Flatiron Building (Lacombe, Alberta)

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Flatiron Building - Museum and Interpretive Centre[edit]

The Flatiron building in Lacombe, Alberta is the oldest flatiron building in the province. It was designed by architects Morley Hogle, and Huntley Ward Davis in 1903 and opened for business in 1904. The building served as the Merchants Bank of Canada for many years. For over a century, the infamous 'Lacombe flatiron block' was home to many businesses, law offices, and unique shops. Almost one hundred years after the building was erected, it was privately bought and restored as part of the Alberta Main Street Project. Today, this architectural landmark is one of three historic-themed museums in Lacombe and is home to The Flatiron Museum and Interpretive Centre which showcases didactic displays of Lacombe's local history.

History of Merchant's Bank and Building[edit]

The Merchants Bank of Canada was the first bank in Lacombe. Formed in 1901, the bank initlally rented out a room in a local school. Unfortunately, when bank workers arrived to their temporary location, they found it hadn't been fully constructed. In consequence, the bank then rented a room in the local Victoria hotel, where the bank operated shortly for over a week. There is little documentation as to where the bank was located in between the time of the hotel and the opening of its permanent home in the flatiron building.

In 1922, the Merchants Bank of Canada was absorbed by the Bank of Montreal. The Lacombe branch of the Merchants Bank became home to the Bank of Montreal's local branch until 1967.

Restoration of the building in 2001[edit]

In 2001, the building was privately bought and extensively renovated. The flatiron building now serves not only as a museum/interpretive center, but as a private residence and corporate offices. The renovations were completed in 2003.

The Flatiron Museum and Interpretive Centre: Themes of displays[edit]

Ben Cameron photo studios[edit]

The Ben Cameron photo studio display is one of the first things patrons see when they enter the interpretive centre. Ben Cameron was a local photographer and photographic historian for the community in the early 1900s for over four decades. Some of the items that can be seen in the display case belonged to Mr. Cameron; these include antique cameras, glass negatives, and photographs taken/developed at the Ben Cameron Studio.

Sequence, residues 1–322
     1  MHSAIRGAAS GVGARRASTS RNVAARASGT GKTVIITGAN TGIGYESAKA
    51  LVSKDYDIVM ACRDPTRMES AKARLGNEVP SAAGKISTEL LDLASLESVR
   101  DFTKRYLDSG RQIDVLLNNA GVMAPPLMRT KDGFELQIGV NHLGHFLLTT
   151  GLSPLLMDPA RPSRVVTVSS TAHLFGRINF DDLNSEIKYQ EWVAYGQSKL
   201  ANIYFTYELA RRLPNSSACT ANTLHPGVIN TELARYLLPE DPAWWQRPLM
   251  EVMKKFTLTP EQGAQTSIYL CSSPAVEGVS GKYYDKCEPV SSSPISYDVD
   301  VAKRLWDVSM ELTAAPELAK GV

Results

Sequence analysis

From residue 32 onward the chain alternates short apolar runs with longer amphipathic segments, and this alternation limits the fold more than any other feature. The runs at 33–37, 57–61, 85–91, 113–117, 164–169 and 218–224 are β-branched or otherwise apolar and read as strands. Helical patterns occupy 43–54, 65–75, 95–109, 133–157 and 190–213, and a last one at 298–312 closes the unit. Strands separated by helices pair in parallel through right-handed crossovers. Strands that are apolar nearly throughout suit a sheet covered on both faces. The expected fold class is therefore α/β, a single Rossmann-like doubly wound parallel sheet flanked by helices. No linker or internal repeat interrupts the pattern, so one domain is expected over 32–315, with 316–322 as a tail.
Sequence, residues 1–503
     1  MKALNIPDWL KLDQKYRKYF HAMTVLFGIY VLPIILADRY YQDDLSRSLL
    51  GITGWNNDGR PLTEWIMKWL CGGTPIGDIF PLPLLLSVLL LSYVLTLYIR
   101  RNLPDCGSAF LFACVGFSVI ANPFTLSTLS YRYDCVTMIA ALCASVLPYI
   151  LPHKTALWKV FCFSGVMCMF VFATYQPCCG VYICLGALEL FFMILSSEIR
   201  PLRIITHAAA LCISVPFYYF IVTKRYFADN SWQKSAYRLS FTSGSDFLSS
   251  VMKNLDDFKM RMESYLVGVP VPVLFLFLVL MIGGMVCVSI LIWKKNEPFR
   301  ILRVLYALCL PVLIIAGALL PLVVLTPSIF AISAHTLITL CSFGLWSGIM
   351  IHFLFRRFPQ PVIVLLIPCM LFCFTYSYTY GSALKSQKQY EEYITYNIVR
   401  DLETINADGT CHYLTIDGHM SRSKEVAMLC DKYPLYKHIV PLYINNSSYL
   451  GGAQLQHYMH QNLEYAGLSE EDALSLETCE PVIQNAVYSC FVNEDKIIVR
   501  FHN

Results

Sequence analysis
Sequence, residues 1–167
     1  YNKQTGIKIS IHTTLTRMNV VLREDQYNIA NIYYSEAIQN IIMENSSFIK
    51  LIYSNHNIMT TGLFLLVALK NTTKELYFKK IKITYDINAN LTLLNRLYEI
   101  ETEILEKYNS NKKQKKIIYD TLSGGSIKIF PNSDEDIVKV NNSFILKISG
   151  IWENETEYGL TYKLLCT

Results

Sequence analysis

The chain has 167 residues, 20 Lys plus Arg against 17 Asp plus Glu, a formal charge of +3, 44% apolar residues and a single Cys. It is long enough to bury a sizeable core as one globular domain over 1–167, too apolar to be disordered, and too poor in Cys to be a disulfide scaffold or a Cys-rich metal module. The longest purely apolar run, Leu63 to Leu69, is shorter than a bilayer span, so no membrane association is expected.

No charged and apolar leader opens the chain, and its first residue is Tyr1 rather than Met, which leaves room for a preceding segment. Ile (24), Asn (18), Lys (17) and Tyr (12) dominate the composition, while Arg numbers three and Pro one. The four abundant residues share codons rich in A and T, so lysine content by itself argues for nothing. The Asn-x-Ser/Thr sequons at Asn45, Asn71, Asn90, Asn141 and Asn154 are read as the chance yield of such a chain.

Historic Downtown – buildings, businesses, train station[edit]

Lacombe is infamous for its beautifully preserved Edwardian architecture that lines its main street. Many of these historic brick buildings were erected between 1904 and 1928, just after the turn of the century. The interpretive centre has an area dedicated to Lacombe's historic downtown where visitors can see historic photographs and read about the buildings in the downtown area.

Pioneers and significant people in Lacombe's history[edit]

Lacombe would not have grown into today's community without the early settlers and pioneers. In the interpretive centre, there is a small section that is dedicated to those who have helped shape the town into what it is today. These people endured many hardships both in the community and worldwide; breaking land, sowing crops, building a community, fighting fires, natural disasters, world wars and economic catastrophes.

Recreation[edit]

For more than a century, the citizens of Lacombe have been actively involved with sport entertainment, and annual recreational events held at a local gem. As early as the first decade of the 20th century, Lacombe has had an active hockey league, baseball teams, and numerous curling competitions. Artifacts from the Lacombe Rockets hockey team, Lions Club Baseball team can be seen at the interpretive centre. Since the early settlers made their way to the Lacombe area, Gull Lake, located just west of the town has been a popular hotspot for over a century. In the early 1900s, there were several hotels for guests, and some 200 cottages along the lake. Whether it be swimming and boat racing in the summer or skating in the winter, Gull Lake has always been an infamous attraction for members of the community since the very beginning. Pictures and text are on display at the flatiron museum and interpretive centre.

References: Lacombe First Century, Lacombe and District Chamber of Commerce, 1982: 33, 269.

http://culture.alberta.ca/heritage/resourcemanagement/historicplacesstewardship/images/Flatiron.htm